According to the calendar, ‘tis the season of love.
For many of us, February conjures up sentimental memories of those little boxes of heart-shaped candies printed with strange sayings, white paper doilies, and shoeboxes stuffed with Peanuts Valentine cards.
This year, my memories also include a not-so-nostalgic reminder that two years ago on the first of February, I moved out of the home I shared with my ex-husband and into a tiny little bungalow with a new main man—my standard poodle, Oscar.
I don’t think there’s a Hallmark card for that.
Maybe it’s because of the season, or it may be the painful memory of a failed romance, but lately, I’ve been doing a lot of ruminating about love.
What is love anyway?
As I approach the two-year anniversary of my divorce, it makes me wonder—do we put too much pressure and importance on the thought of love and does this thinking limit us from experiencing true love?
Just this past week as I taught a yoga class, one of the students commented, “I’d be better off if I didn’t have a brain,” as she tried a balancing posture. I think what she was poignantly saying—after unsuccessfully trying time and again to gracefully stand on one leg—was that her thoughts were getting in the way of her half moon. Of course, we need our brains. But the thinking they do can cause all kinds of problems.
The narrative our brains may have about love is not necessarily true or helpful. We expect it to be pleasant, fulfilling and even mystical, but often, love is harrowing.
To truly love someone or some thing leaves you vulnerable to that very loss, yet loss is an unavoidable part of life. It is inescapable that sometimes the people and things we love and the things we lose will be the same.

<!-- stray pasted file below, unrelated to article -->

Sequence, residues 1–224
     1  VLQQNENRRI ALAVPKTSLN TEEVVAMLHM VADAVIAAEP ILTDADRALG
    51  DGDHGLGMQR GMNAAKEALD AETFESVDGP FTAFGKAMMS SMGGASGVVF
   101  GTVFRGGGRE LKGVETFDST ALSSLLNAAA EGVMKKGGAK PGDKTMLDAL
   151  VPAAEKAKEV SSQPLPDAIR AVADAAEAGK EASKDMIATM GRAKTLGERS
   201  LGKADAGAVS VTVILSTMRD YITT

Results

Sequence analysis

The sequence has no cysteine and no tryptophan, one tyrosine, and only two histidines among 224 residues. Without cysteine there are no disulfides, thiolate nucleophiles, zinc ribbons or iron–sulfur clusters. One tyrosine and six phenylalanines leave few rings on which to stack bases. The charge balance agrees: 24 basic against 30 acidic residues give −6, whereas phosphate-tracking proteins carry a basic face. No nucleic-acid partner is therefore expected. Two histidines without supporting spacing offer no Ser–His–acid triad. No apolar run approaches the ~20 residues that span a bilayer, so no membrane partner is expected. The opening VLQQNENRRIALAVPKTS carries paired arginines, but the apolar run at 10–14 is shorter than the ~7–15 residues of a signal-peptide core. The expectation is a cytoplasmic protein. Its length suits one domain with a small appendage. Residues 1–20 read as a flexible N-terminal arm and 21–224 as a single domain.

Love is a never-ending flow of emotions we can get to know through meditation.
When we sit quietly and give our minds permission to be still, we can listen to our hearts and experience our feelings as they are—good, bad and ugly. Meditation teaches us to be brave enough to accept the vulnerability that comes with love. Sitting with our thoughts creates space for us to know the pain of our past and its extinguished possibilities, while revealing the hope of unknown love that allows us to move forward. In meditation, nothing is good or bad, it just is.
Meditation teaches us that no matter how joyous or painful, whatever our hearts are experiencing, it is okay and it can bring us to a place of love.
Back to the half-moon student: When I told her to stop worrying about the outcome of her efforts and to let go of her fear of falling or her fear of failing, she burst into the most spacious, beautiful half-moon anyone has ever seen. What had changed? She stopped worrying about the outcome. And she embodied the shape. She stopped thinking and instead felt the pose with all of her heart.
Believing in love means being courageous enough to tell our head to take a break and to open up to everything that we feel, no matter how happy or sad. It means listening to the beating of our own heart.
Give yourself the best gift of all: Take the time to sit, listen and feel, for that is love.
Author: Lisa Murphy
Image: Author’s own courtesy of @dearyoutattoo
Editor: Molly Murphy